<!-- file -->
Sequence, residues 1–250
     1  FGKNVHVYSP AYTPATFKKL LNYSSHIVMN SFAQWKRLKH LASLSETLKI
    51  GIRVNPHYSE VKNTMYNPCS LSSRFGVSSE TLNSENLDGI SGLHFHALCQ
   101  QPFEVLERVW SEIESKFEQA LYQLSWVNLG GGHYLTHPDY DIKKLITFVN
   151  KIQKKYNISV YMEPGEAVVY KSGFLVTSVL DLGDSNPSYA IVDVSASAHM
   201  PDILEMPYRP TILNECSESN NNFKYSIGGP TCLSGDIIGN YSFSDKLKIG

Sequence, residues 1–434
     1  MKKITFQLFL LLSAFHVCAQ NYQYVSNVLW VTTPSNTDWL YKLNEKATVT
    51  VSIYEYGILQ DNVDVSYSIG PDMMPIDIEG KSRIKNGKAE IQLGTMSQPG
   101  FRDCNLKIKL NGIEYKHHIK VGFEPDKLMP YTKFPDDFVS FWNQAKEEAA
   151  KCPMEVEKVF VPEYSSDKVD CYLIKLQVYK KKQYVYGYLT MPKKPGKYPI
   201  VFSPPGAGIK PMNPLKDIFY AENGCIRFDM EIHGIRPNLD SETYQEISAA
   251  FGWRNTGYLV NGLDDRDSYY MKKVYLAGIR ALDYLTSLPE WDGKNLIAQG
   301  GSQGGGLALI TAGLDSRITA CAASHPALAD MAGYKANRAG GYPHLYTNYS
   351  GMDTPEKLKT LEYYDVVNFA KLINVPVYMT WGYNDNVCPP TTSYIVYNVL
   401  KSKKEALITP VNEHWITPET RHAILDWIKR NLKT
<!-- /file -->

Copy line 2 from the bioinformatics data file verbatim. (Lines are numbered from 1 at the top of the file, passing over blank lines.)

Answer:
     1  FGKNVHVYSP AYTPATFKKL LNYSSHIVMN SFAQWKRLKH LASLSETLKI